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Waste Management, an Oath in the fight against COVID-19
Ms. Komal
B.Com (Hons.) Student, Trinity Institute of Professional Studies
(Published on: 26 April, 2020 @10 PM)

With the corona virus disease (COVID-19) pandemiccontinuing to spread and its impacts upon human health and the economy intensifying day-by-day,governments are urged to treat waste management, including ofmedical, household and other hazardous waste, as an urgent andessential public service in order to minimise possible secondaryimpacts upon health and the environment.

Effective management of biomedicaland health-care waste requires appropriate identification, collection, separation, storage, transportation,treatment and disposal, as well as important associated aspectsincluding disinfection, personnel protection and training. The UNBasel Convention’s Technical.

Sanitation workers and rag pickers are at risk from handling unmarkedmedical waste emerging from homes where COVID-19 patients arequarantined, medical experts and waste management specialists warned. Discarded masks,gloves and tissues could be potential sources for the spread of thishighly contagious virus, they said.

In Pune, face masks dumped by users in household garbage were beingcollected by rag pickers, The Indian Express reported on March 23,2020. “There is no mechanism for collection and disposal of masksand medical waste generated by more than 2,000 people underhome-quarantine across the district for having a travelhistory or showing COVID-19 symptoms,” the report said. In Thane, a man was caught putting over 100,000 used face masks outto dry so that he could resell them in the market, the Times of Indiareported on March 12, 2020. A heap of medical waste was found lying in the open in Delhi’sSharan Vihar area, The Indian Express reported on April 1, 2020.Discarded face masks, tunics, gowns, caps and syringes were found inthe dump.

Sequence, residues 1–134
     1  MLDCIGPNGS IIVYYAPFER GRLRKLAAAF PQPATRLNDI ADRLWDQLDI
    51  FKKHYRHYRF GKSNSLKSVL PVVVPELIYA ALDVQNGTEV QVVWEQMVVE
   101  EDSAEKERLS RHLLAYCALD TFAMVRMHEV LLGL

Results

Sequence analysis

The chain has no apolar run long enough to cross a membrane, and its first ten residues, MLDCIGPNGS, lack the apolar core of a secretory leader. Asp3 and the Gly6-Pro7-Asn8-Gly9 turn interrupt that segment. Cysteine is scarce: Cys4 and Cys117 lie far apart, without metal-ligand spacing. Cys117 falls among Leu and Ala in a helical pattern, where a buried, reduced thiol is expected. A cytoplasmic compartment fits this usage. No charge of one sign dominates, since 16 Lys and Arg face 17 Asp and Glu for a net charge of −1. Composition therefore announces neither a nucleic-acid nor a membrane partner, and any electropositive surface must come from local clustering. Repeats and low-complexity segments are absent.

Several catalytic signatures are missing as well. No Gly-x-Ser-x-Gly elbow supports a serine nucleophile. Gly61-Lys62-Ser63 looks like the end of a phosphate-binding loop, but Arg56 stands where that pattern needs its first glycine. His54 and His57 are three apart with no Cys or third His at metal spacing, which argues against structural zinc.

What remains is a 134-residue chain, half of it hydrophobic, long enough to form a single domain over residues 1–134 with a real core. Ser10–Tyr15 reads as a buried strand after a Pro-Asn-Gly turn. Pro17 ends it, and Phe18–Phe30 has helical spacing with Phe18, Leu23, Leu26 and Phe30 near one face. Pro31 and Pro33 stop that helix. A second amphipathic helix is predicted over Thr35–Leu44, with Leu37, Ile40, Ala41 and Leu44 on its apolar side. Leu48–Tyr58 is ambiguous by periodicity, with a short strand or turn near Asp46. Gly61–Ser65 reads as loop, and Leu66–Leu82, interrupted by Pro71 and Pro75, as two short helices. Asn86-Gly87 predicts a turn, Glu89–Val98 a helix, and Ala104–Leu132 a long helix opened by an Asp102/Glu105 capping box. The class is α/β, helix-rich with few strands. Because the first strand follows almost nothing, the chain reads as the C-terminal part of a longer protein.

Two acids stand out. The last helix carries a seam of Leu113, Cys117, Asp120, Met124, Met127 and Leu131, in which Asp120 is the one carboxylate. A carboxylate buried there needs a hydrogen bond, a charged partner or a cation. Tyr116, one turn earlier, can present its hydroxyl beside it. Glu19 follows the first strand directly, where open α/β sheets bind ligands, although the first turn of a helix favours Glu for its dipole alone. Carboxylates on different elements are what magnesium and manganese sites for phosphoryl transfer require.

“Face masks used by the general public could be a source ofinfection for sanitation workers as well as the environment if notdiscarded properly,” said Renu Bharadwaj, former dean and head ofthe microbiology department at the Byramjee Jeejeebhoy GovernmentMedical College in Pune. “These could be points in hot spots for theviruses to multiply because they have microorganisms sitting on them.We need to decontaminate the waste with sanitizers before throwingthem or put them in paper bags. The ideal solution is to use reusable cloth masks that can bewashed and reused.”

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